Cloud Computing and how we use it everyday
Cloud computing has been introduced so seamlessly to everyday internet use, that most of us don’t even realise we are on a cloud platform. However, one thing is for sure — whether or not you’re familiar with the cloud, it’s highly possible that you have already utilised it. Netflix and Spotify, after all, are cloud services.
“The appetite for public cloud services in Australia continues to grow, with 42% of businesses in the country reporting the use of cloud computing compared to 31% in 2015-16” (Source: https://www.computerweekly.com)
So, what exactly is cloud computing?
There are several ways to define cloud computing depending on how and where you use it. To put it simply, it’s allowing users to access computer hardware and software over the internet no matter where they are in the world. It replaces the age-old concept of storage, servers and other applications by no longer needing them to be on-site. Cloud technology means you are “always on” and have access to all required networks anytime, anywhere.
What are the benefits of cloud computing?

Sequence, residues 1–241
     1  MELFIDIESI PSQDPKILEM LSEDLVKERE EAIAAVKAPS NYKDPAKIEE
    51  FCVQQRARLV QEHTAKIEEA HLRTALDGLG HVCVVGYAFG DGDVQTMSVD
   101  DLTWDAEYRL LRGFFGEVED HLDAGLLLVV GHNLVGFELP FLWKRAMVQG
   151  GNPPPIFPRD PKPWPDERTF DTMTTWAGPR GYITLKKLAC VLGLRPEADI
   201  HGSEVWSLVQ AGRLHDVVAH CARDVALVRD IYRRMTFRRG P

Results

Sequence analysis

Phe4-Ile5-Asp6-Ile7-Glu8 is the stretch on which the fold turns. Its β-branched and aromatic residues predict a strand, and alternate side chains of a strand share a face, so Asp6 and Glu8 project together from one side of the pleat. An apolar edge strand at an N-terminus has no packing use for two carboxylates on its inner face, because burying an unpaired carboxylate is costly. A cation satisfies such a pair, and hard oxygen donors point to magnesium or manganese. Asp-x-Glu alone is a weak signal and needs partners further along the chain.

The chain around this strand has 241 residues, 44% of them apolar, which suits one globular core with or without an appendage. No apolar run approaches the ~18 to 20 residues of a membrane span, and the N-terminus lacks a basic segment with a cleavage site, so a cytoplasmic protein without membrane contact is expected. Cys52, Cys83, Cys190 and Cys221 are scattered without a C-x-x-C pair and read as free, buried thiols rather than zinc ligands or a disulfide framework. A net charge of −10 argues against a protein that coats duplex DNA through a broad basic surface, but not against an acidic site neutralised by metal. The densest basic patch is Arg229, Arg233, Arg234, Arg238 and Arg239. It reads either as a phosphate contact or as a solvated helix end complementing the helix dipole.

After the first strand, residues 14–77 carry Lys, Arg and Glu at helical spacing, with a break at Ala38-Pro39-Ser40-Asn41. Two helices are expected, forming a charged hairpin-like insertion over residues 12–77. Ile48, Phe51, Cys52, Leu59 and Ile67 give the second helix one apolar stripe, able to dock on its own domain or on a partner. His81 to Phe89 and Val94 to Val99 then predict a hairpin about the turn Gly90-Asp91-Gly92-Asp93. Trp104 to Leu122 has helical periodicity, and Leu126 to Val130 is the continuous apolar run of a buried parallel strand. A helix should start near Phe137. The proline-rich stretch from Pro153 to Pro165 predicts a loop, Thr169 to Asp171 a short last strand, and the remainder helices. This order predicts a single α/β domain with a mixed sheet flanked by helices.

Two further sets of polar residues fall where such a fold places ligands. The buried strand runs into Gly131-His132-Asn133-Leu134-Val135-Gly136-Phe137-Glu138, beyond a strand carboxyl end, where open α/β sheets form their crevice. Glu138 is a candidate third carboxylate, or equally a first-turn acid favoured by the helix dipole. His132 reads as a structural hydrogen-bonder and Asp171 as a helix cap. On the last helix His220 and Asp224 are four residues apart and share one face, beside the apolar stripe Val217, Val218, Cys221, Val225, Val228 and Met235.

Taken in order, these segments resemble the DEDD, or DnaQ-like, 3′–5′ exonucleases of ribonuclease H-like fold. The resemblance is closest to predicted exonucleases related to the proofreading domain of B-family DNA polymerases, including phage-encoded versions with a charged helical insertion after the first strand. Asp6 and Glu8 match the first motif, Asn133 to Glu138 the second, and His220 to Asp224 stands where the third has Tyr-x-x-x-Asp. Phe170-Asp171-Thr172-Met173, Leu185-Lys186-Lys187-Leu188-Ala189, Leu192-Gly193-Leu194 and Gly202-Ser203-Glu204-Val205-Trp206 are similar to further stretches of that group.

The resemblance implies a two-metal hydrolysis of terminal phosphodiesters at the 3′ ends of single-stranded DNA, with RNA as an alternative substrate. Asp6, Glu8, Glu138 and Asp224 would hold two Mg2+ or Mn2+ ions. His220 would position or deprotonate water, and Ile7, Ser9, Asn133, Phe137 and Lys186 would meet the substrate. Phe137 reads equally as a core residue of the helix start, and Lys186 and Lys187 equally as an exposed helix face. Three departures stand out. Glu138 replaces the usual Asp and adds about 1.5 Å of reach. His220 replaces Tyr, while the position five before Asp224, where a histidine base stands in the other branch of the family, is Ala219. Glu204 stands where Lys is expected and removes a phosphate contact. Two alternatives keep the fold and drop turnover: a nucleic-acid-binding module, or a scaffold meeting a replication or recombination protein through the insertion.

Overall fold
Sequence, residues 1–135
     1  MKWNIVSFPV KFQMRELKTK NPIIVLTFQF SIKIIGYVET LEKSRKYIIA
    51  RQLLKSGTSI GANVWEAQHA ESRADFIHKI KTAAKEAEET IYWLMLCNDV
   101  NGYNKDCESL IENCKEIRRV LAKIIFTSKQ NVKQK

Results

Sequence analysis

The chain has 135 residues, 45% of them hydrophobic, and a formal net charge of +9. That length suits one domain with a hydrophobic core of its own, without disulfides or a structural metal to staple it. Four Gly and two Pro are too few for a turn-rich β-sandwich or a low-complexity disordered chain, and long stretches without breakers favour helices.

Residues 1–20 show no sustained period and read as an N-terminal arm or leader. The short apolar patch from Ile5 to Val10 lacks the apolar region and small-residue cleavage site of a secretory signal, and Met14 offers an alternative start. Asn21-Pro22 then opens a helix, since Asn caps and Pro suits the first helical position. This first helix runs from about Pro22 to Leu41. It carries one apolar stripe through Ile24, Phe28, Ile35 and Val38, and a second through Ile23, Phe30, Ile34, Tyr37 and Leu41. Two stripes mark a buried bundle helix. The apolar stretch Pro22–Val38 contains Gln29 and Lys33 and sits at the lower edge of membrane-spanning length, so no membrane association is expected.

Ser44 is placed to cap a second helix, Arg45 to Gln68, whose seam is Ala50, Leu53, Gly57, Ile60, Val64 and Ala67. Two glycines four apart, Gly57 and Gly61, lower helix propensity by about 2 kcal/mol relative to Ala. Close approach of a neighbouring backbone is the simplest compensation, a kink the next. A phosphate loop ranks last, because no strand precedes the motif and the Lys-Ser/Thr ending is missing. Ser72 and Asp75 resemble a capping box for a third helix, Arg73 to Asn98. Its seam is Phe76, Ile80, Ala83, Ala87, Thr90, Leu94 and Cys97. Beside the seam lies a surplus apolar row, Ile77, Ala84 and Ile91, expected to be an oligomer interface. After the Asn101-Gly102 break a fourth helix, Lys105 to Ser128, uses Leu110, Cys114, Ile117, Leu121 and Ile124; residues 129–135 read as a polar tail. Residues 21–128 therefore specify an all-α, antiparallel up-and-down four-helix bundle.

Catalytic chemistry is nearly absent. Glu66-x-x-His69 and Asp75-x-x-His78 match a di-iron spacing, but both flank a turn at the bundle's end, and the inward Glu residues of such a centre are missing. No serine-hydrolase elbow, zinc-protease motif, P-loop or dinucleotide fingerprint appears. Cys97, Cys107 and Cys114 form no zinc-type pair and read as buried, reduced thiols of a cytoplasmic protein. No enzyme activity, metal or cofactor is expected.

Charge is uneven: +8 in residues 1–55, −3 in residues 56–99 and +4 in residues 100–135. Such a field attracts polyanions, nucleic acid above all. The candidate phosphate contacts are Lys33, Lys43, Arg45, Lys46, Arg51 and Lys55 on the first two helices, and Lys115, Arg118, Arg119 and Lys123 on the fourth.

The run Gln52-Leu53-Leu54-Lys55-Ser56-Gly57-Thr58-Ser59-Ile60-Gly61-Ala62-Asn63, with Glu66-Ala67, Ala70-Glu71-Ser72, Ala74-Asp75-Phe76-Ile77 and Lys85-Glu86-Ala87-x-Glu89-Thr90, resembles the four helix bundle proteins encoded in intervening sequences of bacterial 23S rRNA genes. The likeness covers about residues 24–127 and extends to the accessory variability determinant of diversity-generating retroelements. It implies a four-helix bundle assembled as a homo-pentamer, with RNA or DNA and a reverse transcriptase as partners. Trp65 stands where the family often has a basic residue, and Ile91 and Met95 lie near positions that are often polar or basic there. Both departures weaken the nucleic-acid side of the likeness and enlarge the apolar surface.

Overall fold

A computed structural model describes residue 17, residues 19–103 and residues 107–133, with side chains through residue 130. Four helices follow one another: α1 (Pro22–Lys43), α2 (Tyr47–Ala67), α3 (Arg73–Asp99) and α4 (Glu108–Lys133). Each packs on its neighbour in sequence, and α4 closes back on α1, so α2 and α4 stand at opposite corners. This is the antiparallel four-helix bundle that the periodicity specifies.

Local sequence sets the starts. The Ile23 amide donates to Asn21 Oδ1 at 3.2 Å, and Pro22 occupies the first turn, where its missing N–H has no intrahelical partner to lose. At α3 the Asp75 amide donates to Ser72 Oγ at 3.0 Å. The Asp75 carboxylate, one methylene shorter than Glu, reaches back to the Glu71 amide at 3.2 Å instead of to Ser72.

There’s no denying that many businesses all over the world are in the cloud. Some great benefits are:
- It makes work-life more efficient. Cloud computing opens the doors to popular efficient work trends such as working from home.
- It’s cost-effective. There are tons of cloud computing platforms nowadays that you can purchase on a month-to-month basis.
- It also saves you in the entertainment department; there was a time where someone would spend significantly on albums and records. Now, it’s only a matter of subscribing to Spotify.
- It’s faster to use. Going to a store to purchase a software installer, plus all the installation to be done thereafter, is now a thing of the past when you have the right cloud platform and set up.
A good and reliable internet connection would probably be the most important element for cloud computing to operate effectively, regardless if it’s for business or personal use.
In business, a slow internet connection will automatically lead to a slower work pace. Watching your favourite Netflix show over a slow internet connection isn’t so enjoyable either.
Like most things, cloud computing also has its fair share of disadvantages, one having to do with security. Having your data stored offline is more secure, having them stored in the “cloud” means there is risks involved with hacking. That said, with a solid security platform and regular monitorisation, it is possible to manage a large cloud set up very well.
Business or non-business, cloud computing is now an integral part of day-to-day. To make the most of the cloud innovation, make sure you are connected to an ISP that provides a reliable broadband experience.